Real-life person wearing Nazi swastika outside of 1940s Germany

And Port Adelaide aren't happy he's wearing their guernsey while he wanders the streets.

By Kate Wagner

Despite a universally strong understanding that Nazis are awful, evil people, there’s been a resurgence of brazen racist displays in Australia for bewildering reasons.

One of which was on show over the long weekend when a man was photographed twice, wearing a Nazi swastika over his Port Adelaide Football Club guernsey.

Understandably, Port is not impressed that a Nazi is roaming the streets in their paraphernalia. General Manager of member services Matthew Richardson says the club is searching for the man to determine if he is a member to suspend his membership - which is pretty much the only way they can reprimand him.

"Port Adelaide is disturbed by the image and does not condone the action of the individual. It is strictly against our supporter code of conduct,” he said.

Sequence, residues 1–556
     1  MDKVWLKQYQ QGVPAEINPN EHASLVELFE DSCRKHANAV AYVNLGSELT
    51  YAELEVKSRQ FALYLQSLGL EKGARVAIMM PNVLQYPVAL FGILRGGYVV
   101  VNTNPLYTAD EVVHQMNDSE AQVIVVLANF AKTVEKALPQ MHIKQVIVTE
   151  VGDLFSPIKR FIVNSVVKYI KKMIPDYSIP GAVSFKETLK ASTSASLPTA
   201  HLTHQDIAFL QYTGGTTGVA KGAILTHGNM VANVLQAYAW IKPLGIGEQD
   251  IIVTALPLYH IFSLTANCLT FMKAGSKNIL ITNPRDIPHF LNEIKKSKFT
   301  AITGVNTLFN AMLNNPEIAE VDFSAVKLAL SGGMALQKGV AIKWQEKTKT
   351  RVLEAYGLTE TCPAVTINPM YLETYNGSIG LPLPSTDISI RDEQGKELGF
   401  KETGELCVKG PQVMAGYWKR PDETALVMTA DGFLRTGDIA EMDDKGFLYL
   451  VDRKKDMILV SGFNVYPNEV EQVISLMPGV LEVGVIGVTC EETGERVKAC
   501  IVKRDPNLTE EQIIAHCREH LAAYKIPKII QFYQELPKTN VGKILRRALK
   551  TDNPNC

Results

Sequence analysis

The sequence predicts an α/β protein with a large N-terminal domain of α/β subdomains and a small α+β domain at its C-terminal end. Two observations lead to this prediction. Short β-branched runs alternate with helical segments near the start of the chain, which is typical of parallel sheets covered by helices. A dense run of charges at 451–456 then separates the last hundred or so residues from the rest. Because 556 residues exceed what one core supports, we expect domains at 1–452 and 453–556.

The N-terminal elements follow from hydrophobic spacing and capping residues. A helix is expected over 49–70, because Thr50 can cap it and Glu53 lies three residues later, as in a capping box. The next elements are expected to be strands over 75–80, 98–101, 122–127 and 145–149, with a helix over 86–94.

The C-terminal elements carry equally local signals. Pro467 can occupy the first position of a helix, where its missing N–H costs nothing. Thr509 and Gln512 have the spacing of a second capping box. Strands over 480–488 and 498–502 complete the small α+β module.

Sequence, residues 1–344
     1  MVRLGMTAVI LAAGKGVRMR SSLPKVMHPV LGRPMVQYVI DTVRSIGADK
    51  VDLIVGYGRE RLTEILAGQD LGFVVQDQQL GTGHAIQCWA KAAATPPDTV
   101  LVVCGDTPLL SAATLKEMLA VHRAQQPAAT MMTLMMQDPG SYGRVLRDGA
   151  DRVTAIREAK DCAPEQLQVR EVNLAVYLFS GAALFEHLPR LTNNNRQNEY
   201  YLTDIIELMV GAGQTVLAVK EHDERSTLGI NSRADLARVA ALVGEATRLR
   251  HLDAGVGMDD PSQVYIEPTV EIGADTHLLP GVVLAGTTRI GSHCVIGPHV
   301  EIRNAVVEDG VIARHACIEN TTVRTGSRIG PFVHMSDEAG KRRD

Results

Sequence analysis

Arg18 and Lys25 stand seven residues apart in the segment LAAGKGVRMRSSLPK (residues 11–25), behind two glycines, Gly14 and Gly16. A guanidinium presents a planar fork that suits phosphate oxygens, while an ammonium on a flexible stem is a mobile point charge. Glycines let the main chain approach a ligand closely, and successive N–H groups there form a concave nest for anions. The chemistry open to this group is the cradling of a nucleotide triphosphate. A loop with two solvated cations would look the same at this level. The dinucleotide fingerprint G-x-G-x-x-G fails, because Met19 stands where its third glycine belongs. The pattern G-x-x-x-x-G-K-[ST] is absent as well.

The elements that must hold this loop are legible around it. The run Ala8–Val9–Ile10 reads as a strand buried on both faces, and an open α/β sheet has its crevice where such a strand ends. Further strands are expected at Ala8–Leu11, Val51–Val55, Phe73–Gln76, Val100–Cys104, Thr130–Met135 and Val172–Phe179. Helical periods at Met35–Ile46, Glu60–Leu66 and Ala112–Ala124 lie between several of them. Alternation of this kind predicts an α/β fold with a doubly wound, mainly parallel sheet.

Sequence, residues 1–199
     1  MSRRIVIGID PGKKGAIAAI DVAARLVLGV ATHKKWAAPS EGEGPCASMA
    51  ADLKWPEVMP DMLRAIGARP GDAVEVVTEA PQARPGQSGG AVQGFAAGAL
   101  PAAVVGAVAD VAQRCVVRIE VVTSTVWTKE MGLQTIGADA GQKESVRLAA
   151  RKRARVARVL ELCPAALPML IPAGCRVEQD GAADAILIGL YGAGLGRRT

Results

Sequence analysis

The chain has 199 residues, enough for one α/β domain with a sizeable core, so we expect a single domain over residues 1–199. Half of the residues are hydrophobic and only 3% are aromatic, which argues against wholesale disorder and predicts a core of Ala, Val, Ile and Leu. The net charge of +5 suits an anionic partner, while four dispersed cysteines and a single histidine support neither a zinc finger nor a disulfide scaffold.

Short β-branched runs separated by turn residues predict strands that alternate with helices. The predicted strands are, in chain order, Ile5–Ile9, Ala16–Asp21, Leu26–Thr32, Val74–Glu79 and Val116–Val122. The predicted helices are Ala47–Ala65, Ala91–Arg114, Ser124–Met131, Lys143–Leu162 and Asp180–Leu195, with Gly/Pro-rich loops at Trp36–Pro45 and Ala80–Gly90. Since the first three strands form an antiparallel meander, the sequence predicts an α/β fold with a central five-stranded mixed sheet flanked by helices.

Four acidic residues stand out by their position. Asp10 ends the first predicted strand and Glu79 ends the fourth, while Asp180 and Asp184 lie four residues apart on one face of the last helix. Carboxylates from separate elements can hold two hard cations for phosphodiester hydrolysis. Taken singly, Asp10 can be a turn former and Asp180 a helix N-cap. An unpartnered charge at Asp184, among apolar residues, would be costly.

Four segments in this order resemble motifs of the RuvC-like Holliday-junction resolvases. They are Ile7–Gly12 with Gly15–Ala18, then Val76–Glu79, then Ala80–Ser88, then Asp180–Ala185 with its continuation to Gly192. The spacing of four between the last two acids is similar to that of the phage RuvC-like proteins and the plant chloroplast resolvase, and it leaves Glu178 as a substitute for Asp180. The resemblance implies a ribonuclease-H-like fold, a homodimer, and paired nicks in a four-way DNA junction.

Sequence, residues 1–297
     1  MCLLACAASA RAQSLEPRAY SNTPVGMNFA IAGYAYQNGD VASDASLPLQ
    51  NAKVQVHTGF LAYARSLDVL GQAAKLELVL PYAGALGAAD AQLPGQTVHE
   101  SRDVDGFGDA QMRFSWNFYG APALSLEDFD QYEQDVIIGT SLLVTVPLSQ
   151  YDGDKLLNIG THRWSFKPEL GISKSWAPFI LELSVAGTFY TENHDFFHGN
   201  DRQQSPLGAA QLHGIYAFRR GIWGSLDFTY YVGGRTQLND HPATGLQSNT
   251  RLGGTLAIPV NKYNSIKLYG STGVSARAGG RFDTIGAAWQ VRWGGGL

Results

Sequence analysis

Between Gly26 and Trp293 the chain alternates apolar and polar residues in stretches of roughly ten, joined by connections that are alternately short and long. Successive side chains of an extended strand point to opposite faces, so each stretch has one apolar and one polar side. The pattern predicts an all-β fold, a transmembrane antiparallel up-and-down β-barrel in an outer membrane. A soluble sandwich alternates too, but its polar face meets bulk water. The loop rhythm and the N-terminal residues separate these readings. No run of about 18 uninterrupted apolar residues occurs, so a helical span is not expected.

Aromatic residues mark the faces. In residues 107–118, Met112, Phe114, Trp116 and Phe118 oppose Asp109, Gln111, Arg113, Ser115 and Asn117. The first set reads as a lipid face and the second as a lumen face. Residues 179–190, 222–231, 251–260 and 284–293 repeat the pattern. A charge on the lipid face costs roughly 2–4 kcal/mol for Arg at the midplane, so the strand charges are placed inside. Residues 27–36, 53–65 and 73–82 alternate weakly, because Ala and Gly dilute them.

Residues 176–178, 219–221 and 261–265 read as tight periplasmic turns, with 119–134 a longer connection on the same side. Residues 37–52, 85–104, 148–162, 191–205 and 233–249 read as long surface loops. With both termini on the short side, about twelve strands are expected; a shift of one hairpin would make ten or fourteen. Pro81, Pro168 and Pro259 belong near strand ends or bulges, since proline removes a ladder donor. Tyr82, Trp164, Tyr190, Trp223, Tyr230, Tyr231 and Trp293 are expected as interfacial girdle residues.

“If anyone can identify the person please advise the club."

The photos have surfaced at a particularly tense time for the club who is already embroiled in existing racism controversy.

Earlier this month, a Port fan was reported for allegedly calling Crows star Eddie Betts an “ape” on Facebook and writing he “should go back to the zoo where him and his family belong”.

Maxine Spratt claimed she didn’t believe calling Betts was racist “because I’m part Aboriginal myself”, and added that the backlash to her comments has her fearing for her safety.

“There’s been a few people that want to smash my face in and beat me and my partner up,” she told the Seven Network.

Her comments come just eight months after the club banned another female member for throwing a banana at Betts during a game against the Crows.

A week ago, Betts posted an Instagram post pledging that he’d “keep going” - presumably in retaliation to the racist taunts.

Earlier in April, Port Adelaide confirmed a Crows fan racially taunted ruckman Patrick Ryder, but was challenged by surrounding spectators and ran away before security could intervene.

A research project released last year found that the AFL had lost a bevvy of Aboriginal and non-Anglo-Australian footballers due to the nuanced and casual racism lurking in the clubs - a problem not helped by some idiot wearing an international hate symbol over an AFL guernsey.